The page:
My Dreams Of A Different Mother! (Re-post)


My mother is a junkie, strung out on crack-cocaine.
I don’t know who my father is; my mom thinks it was Shane.

My brothers, John and Jack, I am raising on my own.
I am only nine years old but I am often home alone.

What I wouldn’t give for a mother not like mine;
one who doesn’t work the streets or smells like sour wine.

I know she’s out there somewhere and not just in my dreams.
She tucks me in at night and quiets my nightmare screams.

But for me, it’s gangs and drugs and poverty in the hood.
I’ll probably die a horrible death, and I would change things if I could.

I don’t make the rules of law and those who do don’t care.
They punish me for trying to live, the cops are everywhere.

When I came into this world, I was born to a junkie whore.
And those who think I’m worthless, every one of them knows the score.

I will never get to grow up or make something of myself.
My dreams of a different mother, I’ve placed high upon a shelf.

So when I am on the news for getting shot for stealing bread,
you’ll just say that I’m a thug and you’ll be glad that I am dead.

Written by,
Shelby I. Courtland
©2015 Shelby I. Courtland

I tweaked this one a bit because I felt the need to re-post it since lately the emphasis has been placed on the supposedly outrageous numbers of white people who have become addicted to heroin and who are overdosing and dying. There has been calls for action from the CDC to members of congress to urgently address this problem and yet, when crack was introduced into inner cities decades ago, no one saw a problem. The ‘War on Drugs’ was declared and many, many Black people were locked up for their crack addiction and certainly, the CDC did not get onboard and neither did members of congress. This is glaringly hypocritical of how whites who are addicted to street drugs are treated over Black people. Once again, there are two AmeriKKKas; the white privileged one and the one that deals harshly with Black people.

Our children are born to addicts who are arrested for being addicts while white folks just need some understanding and some intervention before their lives spiral down into death. How many Black people have died thanks in part to the crack epidemic? Who cares? Certainly not the ‘white’ establishment.

Drug addiction is not a Black or white issue, but it is being made so by the difference in what happens to Black addicts as opposed to white ones. If drug addiction knows no color, creed, race or gender, then neither should the way addiction is treated. Well, I for one am not going to let this hypocrisy slide. Black lives will not be made valueless on MY watch; not a bit of it. Our children and families are important to us and we shed tears of frustration, anger and resentment over the harshness of the laws that were put into place to deny addicts of crack, rehab and other forms of intervention as opposed to their incarceration for drug crimes.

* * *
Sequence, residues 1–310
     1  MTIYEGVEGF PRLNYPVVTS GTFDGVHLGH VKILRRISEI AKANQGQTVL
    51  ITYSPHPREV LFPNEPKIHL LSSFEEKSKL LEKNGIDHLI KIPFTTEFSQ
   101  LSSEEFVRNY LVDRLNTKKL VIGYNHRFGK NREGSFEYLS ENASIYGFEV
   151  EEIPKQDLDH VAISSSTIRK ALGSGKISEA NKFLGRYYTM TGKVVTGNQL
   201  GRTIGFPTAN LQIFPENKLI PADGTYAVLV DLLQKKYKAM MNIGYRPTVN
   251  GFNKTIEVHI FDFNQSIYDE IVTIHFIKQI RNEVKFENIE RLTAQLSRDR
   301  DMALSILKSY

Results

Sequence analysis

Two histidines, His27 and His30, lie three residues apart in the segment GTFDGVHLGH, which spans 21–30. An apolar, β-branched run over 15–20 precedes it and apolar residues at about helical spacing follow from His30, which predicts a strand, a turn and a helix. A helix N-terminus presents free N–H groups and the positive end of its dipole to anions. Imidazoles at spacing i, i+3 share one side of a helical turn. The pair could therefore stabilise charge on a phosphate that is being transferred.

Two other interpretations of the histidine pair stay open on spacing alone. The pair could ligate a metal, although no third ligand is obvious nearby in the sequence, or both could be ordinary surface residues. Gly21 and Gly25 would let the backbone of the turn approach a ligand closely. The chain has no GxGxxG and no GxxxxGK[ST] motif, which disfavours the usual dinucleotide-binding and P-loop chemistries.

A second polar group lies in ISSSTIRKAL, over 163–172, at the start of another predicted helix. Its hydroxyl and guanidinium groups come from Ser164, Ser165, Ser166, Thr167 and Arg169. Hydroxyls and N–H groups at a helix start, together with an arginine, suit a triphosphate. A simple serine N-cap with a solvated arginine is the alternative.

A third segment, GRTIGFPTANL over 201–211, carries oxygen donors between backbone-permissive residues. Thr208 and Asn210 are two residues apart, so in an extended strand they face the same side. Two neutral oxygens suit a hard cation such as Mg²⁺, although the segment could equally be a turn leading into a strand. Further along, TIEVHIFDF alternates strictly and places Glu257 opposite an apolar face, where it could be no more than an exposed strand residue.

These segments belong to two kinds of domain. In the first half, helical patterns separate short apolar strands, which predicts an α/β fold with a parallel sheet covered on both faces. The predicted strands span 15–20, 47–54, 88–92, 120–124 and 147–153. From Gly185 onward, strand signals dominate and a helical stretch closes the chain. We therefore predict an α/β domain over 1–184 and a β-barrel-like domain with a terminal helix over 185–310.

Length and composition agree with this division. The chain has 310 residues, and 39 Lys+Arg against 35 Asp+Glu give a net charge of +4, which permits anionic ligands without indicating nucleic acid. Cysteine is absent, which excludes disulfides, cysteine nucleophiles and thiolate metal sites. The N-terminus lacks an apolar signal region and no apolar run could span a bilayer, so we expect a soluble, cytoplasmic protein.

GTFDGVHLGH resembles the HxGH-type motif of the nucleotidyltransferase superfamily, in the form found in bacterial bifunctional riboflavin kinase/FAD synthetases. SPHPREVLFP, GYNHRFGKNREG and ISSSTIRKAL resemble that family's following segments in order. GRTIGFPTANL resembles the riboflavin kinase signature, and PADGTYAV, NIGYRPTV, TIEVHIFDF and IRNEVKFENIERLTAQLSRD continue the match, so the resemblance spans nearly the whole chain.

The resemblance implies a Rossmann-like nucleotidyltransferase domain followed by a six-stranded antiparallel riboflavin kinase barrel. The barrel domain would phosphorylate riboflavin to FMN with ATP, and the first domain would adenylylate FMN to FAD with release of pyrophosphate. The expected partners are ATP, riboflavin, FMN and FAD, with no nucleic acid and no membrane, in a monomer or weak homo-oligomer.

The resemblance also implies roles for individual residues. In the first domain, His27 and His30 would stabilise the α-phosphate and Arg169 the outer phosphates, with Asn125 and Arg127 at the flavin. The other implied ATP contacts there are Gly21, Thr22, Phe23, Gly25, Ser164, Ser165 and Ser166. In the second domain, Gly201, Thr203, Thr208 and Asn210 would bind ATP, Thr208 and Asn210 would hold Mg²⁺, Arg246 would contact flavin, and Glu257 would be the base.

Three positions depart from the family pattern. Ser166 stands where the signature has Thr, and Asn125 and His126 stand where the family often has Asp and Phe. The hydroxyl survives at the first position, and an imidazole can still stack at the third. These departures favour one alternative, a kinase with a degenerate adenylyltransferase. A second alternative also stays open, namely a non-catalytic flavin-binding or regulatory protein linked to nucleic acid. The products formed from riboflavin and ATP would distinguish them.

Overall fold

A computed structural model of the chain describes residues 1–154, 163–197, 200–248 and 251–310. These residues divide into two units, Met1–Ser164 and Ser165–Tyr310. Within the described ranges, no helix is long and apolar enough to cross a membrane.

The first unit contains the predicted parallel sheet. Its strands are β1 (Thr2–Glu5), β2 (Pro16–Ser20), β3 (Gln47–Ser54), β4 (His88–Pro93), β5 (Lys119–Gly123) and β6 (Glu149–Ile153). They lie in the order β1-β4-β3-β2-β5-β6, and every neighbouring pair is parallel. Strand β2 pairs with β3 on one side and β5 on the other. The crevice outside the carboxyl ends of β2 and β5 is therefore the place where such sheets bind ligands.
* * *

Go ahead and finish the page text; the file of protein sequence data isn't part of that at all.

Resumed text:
I intend to continue to shed a spotlight on how the response from politicians and medical institutions handle the situation differently when ‘white’s become addicted to drugs as opposed to the lack of any response from these same entities when Black people become addicted to drugs.

AmeriKKKa, your filthy and funky ass hypocrisy petticoat is showing. And I intend to expose it for ALL the world to see!

I Will No Longer Sing The Blues!

Billie Holiday singing the blues

I will no longer sing the blues,
drugs, I must never, ever abuse.
If I don’t love me and I know I do,
how can I say that I love you?

My child, my child, come here to me.
Let me tell you my life’s story.
I was born on the poorest side of town.
White folks would look me up and down.

They never knew what to make of me.
My skin tone was all they could see.
I was sent to a school so far away.
I had armed guards on that very first day.

They called me names that I can hear still.
I would be dead if looks could kill.
I tell you child, I done seen it all,
‘Colored only’ written in a racist’s scrawl.

I’ve seen the Klan burn a cross in my yard,
and many a Negro body, lynched and charred.
Oh child, they put that crack in my hand.
I didn’t know that in jail, I would land.

But I gotta stand up and fight for you.
Someday, I’m gonna make you proud of me too.
I’m gonna break these chains that have held me back,
and be proud that I’m your mother and I’m off that crack!

Written by,
Shelby I. Courtland
©2016 Shelby I. Courtland